Not-so top secret tools for cyber security.
The government’s intelligence branch isn’t usually one for revealing its secrets.
But we’re very lucky that GCHQ shared the list of companies set to join its startup accelerator, run in partnership with Wayra UK.
Businesses in GCHQ Cyber Accelerator’s second cohort focus on solving cyber security issues, as you might expect.
But their missions range from detecting dodgy crypto-currency transactions to security for the Internet of Things, and gadgets that can wipe a laptop’s data remotely.
Companies chosen for the security centre’s nine-month programme receives funding of £25,000 and help growing their business, mentoring, and access to experts at GCHQ, the National Cyber Security Centre, and Telefónica.
Here are the nine startups that GCHQ believes are the future of cyber security:
ExactTrak’s technology wouldn’t be out of place in a James Bond film.
The chip that can wipe a laptop’s data from anywhere in the world took ExactTrak founder Norman Shaw and his team five years to develop.
But it’s paid off for him in a big way: his 100% British-built technology is being embedded into AMD processors, and everyone from Formula 1 to the Home Office is using his kit.
He had a variety of roles beforehand, including helping to launch Sony’s first laptop, and was selling IBM laptops to schools when he had his eureka moment.
“The laptops were being stolen and that’s when I thought: their hardware value is decreasing, but the value of their data is increasing,” he told The Memo.
ExactTrak uses GPS and a cellular radio to know exactly where a laptop is at any time and the owner can communicate with it, even if the device is turned off.
“If your laptop suddenly goes walkabout and you have sensitive information on there, you can send it a coded command to wipe the hard disk drive completely,” he explained.
They initially designed a USB product, but the best thing about it being embedded into the computer hardware itself is that it can’t be easily hacked.
Perfect for corporate businesses, governments, or anyone with a secret to keep, it’s the ultimate security tool to keep your sensitive data safe.
And the good thing is, Shaw has plans for expanding the chip not only to laptops but tablets, mobile phones, and high-value Internet of Things devices too.
“It is really giving people visibility as to where their data is, where it’s being used and if it’s getting into the wrong hands,” Shaw told The Memo.
The rise of crypto-currencies created a whole new challenge for crime investigators.
How do you track down a criminal who used bitcoin?
Elliptic is the answer: the startup, founded in 2013 by three Brits with backgrounds in finance and computing.
The company works with law enforcement agencies to detect and investigate cyber crime that’s enabled by bitcoin and Ethereum.
“We believe in bitcoin and crypto-currencies. But in order to make them more accountable, we have to eliminate criminals’ use of them,” Simone Maini, COO at Elliptic, told The Memo.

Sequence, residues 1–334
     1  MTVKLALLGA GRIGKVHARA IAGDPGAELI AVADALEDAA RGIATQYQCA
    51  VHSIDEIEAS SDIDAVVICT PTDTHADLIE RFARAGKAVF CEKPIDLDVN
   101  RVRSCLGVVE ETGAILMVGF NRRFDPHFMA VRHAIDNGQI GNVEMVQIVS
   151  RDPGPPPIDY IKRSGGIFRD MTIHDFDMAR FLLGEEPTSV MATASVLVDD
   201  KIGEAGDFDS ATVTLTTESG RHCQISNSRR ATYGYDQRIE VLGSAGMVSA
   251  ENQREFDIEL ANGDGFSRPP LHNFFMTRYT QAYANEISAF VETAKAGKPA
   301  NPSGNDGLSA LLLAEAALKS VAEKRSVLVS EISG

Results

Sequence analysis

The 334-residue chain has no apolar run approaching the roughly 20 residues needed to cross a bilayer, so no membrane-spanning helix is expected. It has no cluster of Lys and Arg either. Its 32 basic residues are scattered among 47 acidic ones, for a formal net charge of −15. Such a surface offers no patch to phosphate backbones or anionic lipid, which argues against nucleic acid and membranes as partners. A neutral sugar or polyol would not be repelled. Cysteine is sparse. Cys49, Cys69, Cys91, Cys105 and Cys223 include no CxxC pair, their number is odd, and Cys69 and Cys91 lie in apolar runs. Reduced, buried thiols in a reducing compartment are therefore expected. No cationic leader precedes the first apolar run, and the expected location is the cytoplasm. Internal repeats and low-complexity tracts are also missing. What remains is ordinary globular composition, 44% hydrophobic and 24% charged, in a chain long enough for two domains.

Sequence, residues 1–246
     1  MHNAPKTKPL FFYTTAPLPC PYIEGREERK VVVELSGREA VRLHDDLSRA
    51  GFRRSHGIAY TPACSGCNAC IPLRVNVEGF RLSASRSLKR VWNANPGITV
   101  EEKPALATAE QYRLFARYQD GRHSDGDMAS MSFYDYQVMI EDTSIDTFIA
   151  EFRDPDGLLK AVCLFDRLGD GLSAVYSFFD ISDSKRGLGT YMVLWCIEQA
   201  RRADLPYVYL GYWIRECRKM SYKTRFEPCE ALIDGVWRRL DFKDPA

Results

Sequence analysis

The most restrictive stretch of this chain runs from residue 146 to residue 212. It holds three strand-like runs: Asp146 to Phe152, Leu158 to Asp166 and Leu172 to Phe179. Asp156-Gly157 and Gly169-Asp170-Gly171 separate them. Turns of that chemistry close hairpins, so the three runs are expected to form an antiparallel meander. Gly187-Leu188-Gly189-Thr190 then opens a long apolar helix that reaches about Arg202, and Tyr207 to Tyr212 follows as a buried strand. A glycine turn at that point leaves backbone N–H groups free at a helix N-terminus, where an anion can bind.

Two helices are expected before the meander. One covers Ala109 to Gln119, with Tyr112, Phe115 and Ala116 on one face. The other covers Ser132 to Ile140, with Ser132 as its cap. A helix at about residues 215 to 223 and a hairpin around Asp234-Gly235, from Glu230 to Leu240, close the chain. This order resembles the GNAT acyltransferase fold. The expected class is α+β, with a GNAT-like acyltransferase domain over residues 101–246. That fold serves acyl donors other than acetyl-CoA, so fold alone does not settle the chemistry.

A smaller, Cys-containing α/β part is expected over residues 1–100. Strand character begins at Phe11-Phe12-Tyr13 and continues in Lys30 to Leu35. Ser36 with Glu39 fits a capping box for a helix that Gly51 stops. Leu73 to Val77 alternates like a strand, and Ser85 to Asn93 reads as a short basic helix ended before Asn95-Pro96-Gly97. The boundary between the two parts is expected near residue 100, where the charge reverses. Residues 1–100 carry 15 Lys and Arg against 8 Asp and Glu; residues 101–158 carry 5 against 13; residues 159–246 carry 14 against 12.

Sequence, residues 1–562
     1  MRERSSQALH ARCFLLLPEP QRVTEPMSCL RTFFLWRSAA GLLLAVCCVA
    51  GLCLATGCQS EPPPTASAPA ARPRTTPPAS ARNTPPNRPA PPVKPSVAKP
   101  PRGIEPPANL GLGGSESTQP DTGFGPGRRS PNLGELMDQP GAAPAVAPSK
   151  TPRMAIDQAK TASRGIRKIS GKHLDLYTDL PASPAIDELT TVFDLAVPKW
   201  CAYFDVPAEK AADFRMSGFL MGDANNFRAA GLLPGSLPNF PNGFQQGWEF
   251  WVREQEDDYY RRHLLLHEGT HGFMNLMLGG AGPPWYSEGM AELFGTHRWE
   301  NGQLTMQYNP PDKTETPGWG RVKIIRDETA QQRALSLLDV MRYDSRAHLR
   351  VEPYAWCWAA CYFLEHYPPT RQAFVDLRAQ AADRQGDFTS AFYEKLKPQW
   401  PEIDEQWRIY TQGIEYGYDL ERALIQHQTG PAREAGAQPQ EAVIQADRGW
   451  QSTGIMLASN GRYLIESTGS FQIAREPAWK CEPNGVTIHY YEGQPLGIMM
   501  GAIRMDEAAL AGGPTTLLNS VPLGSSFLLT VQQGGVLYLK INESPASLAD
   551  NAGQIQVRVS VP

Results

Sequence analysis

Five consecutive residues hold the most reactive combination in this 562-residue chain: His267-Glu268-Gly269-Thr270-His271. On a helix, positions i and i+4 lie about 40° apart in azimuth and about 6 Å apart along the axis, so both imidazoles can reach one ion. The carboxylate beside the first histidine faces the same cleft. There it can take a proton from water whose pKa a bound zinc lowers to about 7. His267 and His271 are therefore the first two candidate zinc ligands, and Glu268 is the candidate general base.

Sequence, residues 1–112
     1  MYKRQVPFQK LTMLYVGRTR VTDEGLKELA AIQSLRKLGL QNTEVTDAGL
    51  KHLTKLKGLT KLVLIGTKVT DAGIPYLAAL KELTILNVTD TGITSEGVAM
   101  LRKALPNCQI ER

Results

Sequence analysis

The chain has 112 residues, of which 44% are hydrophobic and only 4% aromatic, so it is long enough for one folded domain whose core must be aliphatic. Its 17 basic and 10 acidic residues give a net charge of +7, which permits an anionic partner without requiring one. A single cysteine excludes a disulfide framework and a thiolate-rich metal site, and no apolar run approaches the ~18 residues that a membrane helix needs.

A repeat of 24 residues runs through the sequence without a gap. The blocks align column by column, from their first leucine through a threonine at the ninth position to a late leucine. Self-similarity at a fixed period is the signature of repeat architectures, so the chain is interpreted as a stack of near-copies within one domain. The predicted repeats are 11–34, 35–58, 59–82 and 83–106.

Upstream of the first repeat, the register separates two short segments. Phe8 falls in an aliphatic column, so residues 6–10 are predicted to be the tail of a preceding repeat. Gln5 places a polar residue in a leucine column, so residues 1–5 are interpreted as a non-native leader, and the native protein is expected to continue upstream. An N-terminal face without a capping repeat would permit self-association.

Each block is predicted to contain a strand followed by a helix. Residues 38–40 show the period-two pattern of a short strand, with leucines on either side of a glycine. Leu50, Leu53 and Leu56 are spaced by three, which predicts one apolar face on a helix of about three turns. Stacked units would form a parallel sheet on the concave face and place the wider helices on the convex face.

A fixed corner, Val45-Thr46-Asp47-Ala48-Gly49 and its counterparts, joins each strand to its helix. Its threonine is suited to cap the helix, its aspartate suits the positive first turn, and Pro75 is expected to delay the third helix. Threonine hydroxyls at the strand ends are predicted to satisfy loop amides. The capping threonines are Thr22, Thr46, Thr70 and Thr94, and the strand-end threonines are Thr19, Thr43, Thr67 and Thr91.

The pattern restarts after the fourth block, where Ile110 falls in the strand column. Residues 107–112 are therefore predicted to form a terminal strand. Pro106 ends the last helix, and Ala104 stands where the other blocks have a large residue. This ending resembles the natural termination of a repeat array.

As the use of crypto currencies continue to grow, police forces might struggle to understand the challenge they’re facing.
Elliptic is stepping in as the experts to call on in these cases.
“We like to make sure we are supporting people who are not sure how to conduct bitcoin investigations,” Maini said.
The other startups accepted onto the GCHQ programme are doing just as important work in cyber security.
Secure Code Warrior starts at the source with its gamified platform that teaches developers how to write secure code.
It’s always a risk putting security in the hands of employees who might click on phishing e-mails, so Cybershield alerts workers to spam emails before they click them.
A chain is only as strong as its weakest link, so Intruder monitors your online systems for weaknesses and identifies them before the hackers do.
Protecting children online is increasingly difficult as their tech skills are often better than their parents’, so TrustElevate solves the problem of age verification and parental consent for online purchases.
Ioetec aims to solve the notoriously difficult problem of giving Internet of Things devices end-to-end security.
Specifically designed for transport companies, RazorSecure’s software gives planes, trains, and cars protection against cyber attacks.
And finally, Warden detects any suspicious activity on users’ online accounts, so hacks can be dealt with in real-time.
The accelerator started its first phase earlier this year, with seven startups going through a three-month programme, which has now been extended and expanded.
“The enhanced programme will bring world-leading support to some of the UK’s most innovative companies – helping them develop the skills and cutting-edge technology that will better protect us all from any future cyber attacks,” said Matt Hancock, minister of state for digital.
For more information on the startup hub, head to the GCHQ Cyber Accelerator website.
Anna joined The Memo as an editorial intern and is now a freelance contributor. She’s already been featured in The Sunday Times & The Telegraph. Watch this space. Follow her on Twitter @annaschav.